genius \ˈjēn-yəs \ noun. the term that is perhaps most over-used in describing Frank Lloyd Wright.
Etymology geek that I am, I was intrigued to encounter this Wright-worn word anew when reading Ross King's Brunelleschi's Dome. King's vivid history of the design and construction of the famous Duomo of Florence is at least as interesting for its footnotes as for its main text. One note (p. 156) delves into the origins of the term genius. As it turns out, the English word genius originates with the Latin ingenium, meaning a machine (or more literally "engine"). The related term ingeniator is one who designs or builds machines. In war-torn Renaissance Europe, such engineering (another word in the ingenium family) expertise was highly prized by feuding Principalities. Thus, to be a genius (or to be ingenious) was to be a clever cog in the military-industrial machine of the day.
It is with the Renaissance that this Latin word family becomes associated with architect-artist-inventors such as Filippo Brunelleschi and Leonardo da Vinci, who designed flying machines, tanks and trebuchets, as well as timeless works of architecture, painting and sculpture. Somewhat in contrast to the placid portrait of Renaissance humanism that often comes to mind, genius came to mean an inspired creator of many things, both sublime and infernal.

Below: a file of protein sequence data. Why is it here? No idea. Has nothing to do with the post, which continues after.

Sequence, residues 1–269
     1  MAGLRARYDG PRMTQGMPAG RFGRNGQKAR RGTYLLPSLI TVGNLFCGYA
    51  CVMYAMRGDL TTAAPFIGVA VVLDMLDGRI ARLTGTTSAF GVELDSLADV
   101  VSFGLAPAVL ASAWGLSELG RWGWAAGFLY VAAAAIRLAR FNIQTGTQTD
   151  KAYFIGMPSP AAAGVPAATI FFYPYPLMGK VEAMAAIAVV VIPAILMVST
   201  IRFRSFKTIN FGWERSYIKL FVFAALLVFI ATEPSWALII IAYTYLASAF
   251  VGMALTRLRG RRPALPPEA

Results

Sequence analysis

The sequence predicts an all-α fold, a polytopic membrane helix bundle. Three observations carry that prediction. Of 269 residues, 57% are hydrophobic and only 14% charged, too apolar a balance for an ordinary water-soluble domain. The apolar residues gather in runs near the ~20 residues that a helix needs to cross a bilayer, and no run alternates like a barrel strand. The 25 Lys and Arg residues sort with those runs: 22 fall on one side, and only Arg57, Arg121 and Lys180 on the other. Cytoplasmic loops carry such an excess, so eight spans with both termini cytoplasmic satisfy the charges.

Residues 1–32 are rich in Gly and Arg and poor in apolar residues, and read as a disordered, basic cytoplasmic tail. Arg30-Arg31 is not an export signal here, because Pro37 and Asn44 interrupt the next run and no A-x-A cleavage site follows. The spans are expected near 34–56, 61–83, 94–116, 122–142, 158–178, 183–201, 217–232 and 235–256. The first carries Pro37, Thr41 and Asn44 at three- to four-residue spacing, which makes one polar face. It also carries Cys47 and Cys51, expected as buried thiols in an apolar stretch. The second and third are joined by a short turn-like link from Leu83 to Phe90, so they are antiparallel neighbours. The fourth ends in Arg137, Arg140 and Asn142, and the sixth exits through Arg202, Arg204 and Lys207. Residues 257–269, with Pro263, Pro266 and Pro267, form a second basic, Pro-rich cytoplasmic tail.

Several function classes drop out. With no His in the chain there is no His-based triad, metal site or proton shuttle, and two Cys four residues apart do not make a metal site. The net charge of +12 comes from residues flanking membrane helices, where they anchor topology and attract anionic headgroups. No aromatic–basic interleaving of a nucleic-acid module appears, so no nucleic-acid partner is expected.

So, with this etymology in mind, how apt a term is genius to describe Frank Lloyd Wright? Wright's record as an engineer is checkered; he is often maligned for his leaky roofs and sagging cantilevers. But he did execute some amazing feats of architectural engineering in concert with skilled builders (e.g. Mueller and Unity Temple) and structural engineers (e.g. Polivka and the Guggenheim Museum). In his late career, Wright envisioned mega-skyscrapers (the Illinois, or "Mile High"), futuristic cars and pod-like helicopters (in drawings published in The Living City), though these utopian fancies never got past the conceptual stage. Neither Wright nor da Vinci provide much detail as to how these inventions might be constructed and operated (though da Vinci detailed his enough that working models have been constructed). Both men were pacifists, but Wright differs from da Vinci in terms of integrity: he never applied his design prowess to a military purpose.
Above: Da Vinci's drawing for a scythed chariot and an turtle-like tank.
Below: Wright's drawing for utopian modes of transportation from The Living City.